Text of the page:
What can the fuels industry expect in 2021?
Based on how we thought 2020 was going to go vs. where it ended up, it may seem unwise to bother forecasting what to expect from 2021.
However, we can make some predictions that can help us prepare for both the best and worst case scenarios:
Market consolidation may not only continue, but accelerate.
While it is unlikely we will see deals on the scale of the 7 & i deal for Speedway, investors will seek convenience assets to add to their portfolio where EBITDA can be increased to show strong returns.
Depending on how the Democrats handle the current crisis, interest rates across the board are likely to remain low (Axios gives some good insight here), so the return needed to make loan-based investment is still low. This makes investing in resilient markets like fuel an attractive proposition.
Smaller retailers may also be more keen to sell. It is becoming increasingly harder to compete with multi-acre sites with fantastic convenience offerings and they will not be short of offers.
Margins will probably remain strong
Oil has had a bit of fun at the start of this year, but the EIA is predicting stability. This and the need from bigger groups to maintain margins in a reduced volume market means it is likely that margins will remain at a respectable level for most of 2021.
In a depressed market, reaching for volume is going to be tough, so more retailers might try to hold margins higher to keep a necessary level of fuel profit to continue business as usual.
Pricing habits will likely change
As COVID levels rise and fall, habits evolve and volumes are unpredictable; this makes setting automatic pricing strategies more difficult than ever. For the bigger groups using automated tools, these will need to be tweaked more regularly or require more manual intervention.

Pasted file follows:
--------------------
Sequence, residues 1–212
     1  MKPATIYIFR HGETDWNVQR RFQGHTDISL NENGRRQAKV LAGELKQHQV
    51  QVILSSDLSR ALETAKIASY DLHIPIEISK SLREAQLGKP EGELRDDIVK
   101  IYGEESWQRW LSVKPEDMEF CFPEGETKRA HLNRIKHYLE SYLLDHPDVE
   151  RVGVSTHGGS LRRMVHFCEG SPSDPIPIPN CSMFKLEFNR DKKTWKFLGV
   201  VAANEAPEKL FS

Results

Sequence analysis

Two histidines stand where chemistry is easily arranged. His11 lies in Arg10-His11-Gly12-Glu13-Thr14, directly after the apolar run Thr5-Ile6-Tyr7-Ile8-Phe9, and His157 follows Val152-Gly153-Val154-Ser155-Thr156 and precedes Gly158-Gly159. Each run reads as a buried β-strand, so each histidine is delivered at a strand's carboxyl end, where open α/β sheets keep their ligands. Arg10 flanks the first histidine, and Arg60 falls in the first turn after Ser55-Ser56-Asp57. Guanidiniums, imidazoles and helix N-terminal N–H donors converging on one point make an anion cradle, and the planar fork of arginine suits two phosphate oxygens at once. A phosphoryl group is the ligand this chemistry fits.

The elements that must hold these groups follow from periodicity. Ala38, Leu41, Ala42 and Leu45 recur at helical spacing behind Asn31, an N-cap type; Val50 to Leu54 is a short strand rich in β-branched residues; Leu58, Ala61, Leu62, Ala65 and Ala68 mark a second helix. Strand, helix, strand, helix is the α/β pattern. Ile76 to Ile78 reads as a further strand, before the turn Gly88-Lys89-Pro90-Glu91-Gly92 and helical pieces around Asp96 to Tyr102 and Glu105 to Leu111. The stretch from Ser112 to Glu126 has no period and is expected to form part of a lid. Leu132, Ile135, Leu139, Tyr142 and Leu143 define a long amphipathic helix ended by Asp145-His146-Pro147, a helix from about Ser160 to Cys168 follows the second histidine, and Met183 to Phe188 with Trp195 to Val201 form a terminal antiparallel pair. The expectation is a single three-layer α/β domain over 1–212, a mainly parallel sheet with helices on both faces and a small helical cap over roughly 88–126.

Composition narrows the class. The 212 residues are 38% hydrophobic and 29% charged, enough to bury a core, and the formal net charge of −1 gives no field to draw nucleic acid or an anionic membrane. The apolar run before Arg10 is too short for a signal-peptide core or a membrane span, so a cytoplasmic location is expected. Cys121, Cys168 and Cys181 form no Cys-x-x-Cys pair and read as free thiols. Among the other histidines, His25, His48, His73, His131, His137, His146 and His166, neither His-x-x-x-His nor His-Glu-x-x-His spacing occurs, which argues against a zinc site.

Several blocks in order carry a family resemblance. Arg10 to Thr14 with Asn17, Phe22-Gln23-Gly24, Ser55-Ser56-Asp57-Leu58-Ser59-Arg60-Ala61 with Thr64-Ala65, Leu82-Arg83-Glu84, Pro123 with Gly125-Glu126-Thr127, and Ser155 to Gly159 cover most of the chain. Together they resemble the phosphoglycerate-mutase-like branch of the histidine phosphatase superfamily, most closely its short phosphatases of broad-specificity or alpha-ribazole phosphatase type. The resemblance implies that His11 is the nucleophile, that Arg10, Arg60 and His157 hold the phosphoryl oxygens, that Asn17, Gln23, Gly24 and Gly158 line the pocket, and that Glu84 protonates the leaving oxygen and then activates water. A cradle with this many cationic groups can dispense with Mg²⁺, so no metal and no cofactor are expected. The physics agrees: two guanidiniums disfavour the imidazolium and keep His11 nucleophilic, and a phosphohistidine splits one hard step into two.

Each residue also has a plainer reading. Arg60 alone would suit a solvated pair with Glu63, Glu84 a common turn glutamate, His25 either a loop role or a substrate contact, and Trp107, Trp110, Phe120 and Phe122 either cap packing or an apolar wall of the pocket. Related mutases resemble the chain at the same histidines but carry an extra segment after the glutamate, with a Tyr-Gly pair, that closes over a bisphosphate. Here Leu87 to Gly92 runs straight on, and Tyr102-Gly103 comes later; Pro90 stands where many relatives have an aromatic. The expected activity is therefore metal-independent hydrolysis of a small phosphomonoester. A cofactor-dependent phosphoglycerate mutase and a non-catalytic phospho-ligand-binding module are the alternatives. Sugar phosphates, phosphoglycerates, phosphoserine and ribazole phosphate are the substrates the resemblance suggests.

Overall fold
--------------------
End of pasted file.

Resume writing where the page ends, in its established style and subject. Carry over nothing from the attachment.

Before COVID, pricing was becoming more automated and you’ll be hard-pressed to find a large group that did not have software to perform the majority of its strategy implementation. These tools will continue to have a huge role in setting market pricing, but the way they are used could change as retailers react to changes around individual sites or geographical locations out of their control.
The NACS Consumer Survey continues to tell us that while price remains the dominating factor as to why consumers visit stations, this is on a downward trend from 72% in 2015 to 58% in 2020. What else you offer at your station rather than a low pole sign price could determine your success this year.
So, we can expect innovation to continue
There is no reason to believe that the innovation seen by the fuel retail markets in 2020 (and before) will dwindle in 2021. If anything, retailers will be looking for alternatives to fuel to create profit lines, but what these are will be determined by how COVID plays out.
Anything that can move people in and out of the store faster while maximizing basket spend will be desired by retailers, so expect technology that encourages this to be invested in during 2021.
Consumers are likely to favor pay-at-pump and mobile-app options.
Retailers will be hoping for more stability in 2021, and the development of vaccines seems to give some hope that this global crisis can be brought under control. In many ways we can count ourselves lucky that we have been impacted less than other industries and be confident that it has been proved just how essential (and resilient) an industry convenience is.
Surely 2021 can’t be anymore chaotic than 2020? Or could that be more famous last words?
Whatever happens, have a great and – more importantly – safe 2021.